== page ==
In today’s order list, the Texas Supreme Court denied the petition for review in Jerry Gurkoff, D.O. v. Jersak, No. 08-0398 (DB). But two Justices wrote a dissent from the Court’s denial of review, arguing that the Court should actually have taken up the issue. (( By way of background, it would have taken four votes for the Court to grant the petition. Normally, when a petition only receives two or three votes after being discussed at conference, it comes to a quiet end with the very same notation of “petition denied” that is given to petitions that receive no interest at all. For a Justice to publicly note their dissent is an additional step. ))

Opinions dissenting from the denial of review are somewhat rare. They can sometimes be a helpful signal to counsel in other cases that at least some members of the Court are interested in seeing the same issue raised in some future case. (( If you want to read more about them, you might see Dylan Drummond’s article A Vote by Any Other Name: The (Abbreviated) History of the Dissent from Denial of Review at the Texas Supreme Court that was published in the Spring 2006 Appellate Advocate. ))

I broke this out for special attention today because of the pending bill in the Texas Legislature that would require all of these intermediate votes to be disclosed.

A dissent from the denial of review is how the current system permits Justices to express their views about petitions, even if the Court as a whole is not interested. If Justices feel strongly enough that they want to dissent, they may. They do not even need to pen an opinion to make their objections known; there are many examples of a Justice simply “noting his [or her] dissent” in the Court’s published orders. (( To see for yourself, you can use the search box in the left column called “Search Opinions and Orders.”

If you want the gory technical details, this is just a form that submits a Google search for you limited to the part of the Court’s website containing its published orders. I’ve found this to be a very handy technique to search opinions and orders less than 10 years old. ))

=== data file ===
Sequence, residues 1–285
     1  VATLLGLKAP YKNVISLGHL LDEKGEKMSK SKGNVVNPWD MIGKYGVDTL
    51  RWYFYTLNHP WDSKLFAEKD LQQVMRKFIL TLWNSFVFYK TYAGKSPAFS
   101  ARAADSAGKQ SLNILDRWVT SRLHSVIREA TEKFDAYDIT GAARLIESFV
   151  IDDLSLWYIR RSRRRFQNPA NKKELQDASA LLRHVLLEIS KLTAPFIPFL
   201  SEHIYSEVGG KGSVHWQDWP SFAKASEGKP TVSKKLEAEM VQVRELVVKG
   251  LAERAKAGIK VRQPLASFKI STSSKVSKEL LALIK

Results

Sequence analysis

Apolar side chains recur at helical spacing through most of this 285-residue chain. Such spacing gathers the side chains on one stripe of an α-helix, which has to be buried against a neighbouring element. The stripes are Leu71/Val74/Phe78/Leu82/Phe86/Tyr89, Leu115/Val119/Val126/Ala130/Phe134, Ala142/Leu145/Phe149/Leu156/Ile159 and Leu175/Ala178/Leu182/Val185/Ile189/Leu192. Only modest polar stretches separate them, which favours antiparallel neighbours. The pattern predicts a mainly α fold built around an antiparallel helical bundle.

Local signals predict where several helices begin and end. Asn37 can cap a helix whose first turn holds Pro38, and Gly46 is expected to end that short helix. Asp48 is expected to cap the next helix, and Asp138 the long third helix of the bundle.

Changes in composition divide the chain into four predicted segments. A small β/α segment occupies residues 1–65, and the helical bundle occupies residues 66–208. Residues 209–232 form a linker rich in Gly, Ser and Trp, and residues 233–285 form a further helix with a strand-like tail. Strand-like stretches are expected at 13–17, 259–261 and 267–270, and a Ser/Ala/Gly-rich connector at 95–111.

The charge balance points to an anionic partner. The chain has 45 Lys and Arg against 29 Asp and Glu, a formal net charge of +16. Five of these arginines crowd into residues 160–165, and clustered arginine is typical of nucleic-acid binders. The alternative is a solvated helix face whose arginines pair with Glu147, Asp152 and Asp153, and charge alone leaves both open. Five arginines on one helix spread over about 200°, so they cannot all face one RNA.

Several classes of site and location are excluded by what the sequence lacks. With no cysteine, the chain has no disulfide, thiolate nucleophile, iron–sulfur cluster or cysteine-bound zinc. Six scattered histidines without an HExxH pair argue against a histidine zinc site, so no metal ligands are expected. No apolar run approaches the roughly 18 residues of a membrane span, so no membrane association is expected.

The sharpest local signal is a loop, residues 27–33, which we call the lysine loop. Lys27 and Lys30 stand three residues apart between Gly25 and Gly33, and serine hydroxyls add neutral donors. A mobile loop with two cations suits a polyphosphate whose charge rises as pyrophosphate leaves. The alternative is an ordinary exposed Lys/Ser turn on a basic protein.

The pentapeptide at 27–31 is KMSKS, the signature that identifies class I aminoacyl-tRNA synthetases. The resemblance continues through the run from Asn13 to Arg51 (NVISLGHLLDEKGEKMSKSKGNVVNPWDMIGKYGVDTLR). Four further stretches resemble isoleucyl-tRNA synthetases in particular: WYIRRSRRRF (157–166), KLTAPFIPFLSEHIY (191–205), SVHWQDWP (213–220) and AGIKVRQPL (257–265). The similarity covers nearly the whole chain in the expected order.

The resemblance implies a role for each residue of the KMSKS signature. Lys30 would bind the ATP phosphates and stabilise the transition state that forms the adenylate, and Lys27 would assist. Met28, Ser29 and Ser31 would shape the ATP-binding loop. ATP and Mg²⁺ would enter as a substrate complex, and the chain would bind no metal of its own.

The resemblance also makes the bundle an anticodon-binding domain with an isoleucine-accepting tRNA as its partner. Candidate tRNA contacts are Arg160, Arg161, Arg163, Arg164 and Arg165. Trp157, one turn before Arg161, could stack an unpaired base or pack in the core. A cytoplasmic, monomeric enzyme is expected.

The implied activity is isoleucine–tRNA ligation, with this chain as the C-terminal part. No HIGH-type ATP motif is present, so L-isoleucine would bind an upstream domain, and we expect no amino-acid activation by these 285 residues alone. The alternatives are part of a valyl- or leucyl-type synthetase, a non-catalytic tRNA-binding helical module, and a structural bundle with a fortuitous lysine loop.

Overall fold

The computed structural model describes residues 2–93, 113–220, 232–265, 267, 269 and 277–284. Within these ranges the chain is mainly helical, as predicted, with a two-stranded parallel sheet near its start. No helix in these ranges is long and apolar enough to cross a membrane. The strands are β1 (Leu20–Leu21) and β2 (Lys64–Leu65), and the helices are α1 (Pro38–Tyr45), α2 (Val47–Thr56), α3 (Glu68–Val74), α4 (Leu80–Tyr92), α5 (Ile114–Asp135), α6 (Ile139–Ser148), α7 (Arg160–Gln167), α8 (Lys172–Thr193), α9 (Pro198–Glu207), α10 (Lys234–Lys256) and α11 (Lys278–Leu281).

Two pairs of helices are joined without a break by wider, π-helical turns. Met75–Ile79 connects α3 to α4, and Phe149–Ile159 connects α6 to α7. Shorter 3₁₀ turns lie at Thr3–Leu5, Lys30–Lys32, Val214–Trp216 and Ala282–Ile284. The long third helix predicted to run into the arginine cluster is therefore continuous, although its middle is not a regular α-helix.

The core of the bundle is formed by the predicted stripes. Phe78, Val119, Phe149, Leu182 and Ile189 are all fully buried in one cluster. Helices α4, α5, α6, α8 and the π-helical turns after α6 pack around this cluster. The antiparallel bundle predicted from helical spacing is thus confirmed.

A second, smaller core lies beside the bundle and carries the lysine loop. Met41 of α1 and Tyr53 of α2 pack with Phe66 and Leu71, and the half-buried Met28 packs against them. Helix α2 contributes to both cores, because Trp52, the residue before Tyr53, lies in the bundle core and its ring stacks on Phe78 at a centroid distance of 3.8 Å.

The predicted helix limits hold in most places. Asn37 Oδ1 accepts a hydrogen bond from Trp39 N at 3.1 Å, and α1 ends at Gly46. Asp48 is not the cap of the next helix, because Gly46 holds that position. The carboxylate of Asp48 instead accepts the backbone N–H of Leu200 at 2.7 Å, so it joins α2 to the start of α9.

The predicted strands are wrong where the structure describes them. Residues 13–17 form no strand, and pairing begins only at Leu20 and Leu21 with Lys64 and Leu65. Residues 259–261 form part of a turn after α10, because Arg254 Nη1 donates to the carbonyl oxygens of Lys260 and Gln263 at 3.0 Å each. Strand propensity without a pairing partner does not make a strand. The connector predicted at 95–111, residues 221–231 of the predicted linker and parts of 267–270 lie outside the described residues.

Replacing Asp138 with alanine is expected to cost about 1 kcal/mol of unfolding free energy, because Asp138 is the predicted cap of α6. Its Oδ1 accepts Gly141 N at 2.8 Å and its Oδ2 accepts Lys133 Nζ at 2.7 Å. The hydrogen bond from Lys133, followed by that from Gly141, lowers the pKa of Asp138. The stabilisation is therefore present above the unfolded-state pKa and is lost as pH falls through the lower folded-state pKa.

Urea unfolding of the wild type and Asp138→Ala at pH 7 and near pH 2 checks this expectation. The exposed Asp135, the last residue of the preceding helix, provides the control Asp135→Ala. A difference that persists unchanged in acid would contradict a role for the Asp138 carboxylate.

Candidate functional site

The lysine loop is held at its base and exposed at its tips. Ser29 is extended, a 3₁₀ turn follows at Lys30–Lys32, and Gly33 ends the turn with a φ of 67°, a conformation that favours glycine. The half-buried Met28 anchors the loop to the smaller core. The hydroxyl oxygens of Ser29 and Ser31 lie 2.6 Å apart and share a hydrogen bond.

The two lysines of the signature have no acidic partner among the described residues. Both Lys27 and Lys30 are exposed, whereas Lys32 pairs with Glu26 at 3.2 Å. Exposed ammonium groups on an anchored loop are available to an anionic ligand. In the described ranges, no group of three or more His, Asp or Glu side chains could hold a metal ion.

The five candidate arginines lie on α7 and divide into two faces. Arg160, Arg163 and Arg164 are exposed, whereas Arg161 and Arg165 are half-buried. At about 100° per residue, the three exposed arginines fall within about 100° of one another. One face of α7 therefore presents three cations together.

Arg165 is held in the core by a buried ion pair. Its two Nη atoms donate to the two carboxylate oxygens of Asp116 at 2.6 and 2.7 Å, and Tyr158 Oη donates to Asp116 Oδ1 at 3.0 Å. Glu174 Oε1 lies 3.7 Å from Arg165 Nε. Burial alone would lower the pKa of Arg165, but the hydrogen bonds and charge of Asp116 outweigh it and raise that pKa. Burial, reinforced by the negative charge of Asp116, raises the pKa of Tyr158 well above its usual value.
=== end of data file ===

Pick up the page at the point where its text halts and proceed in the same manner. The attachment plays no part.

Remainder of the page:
Reasonable people can want more data to analyze. But criticism of the current system should acknowledge that it does offer this outlet for Justices who disagree with the Court’s handling of petitions.

In fact, there is a case to be made that the current system offers better information to future litigants. As an appellate advocate, I would rather have a system in which the Justices can signal that they are particularly interested in an issue instead of a raw report of all their “yes” and “no” votes.

If you’ve sat through Texas Supreme Court conferences before, (( Law clerks on the Texas Supreme Court are permitted to sit through the conferences as the Justices handle petitions. It’s part of what makes that clerkship such a great learning experience. )) you know that “yes” votes come with different levels of enthusiasm. A Justice or two may think that a petition presents a reasonable argument but they may acquiesce when others do not think it is as important to the jurisprudence as other cases on the Court’s plate.

But there is the occasional issue that really motivates a few Justices and sparks serious discussion and disagreement, even if it doesn’t result in a grant. That last category of cases particularly interests me as an appellate lawyer and Court-watcher — and it’s those cases that are highlighted when Justices have to choose in each case whether to note their dissent.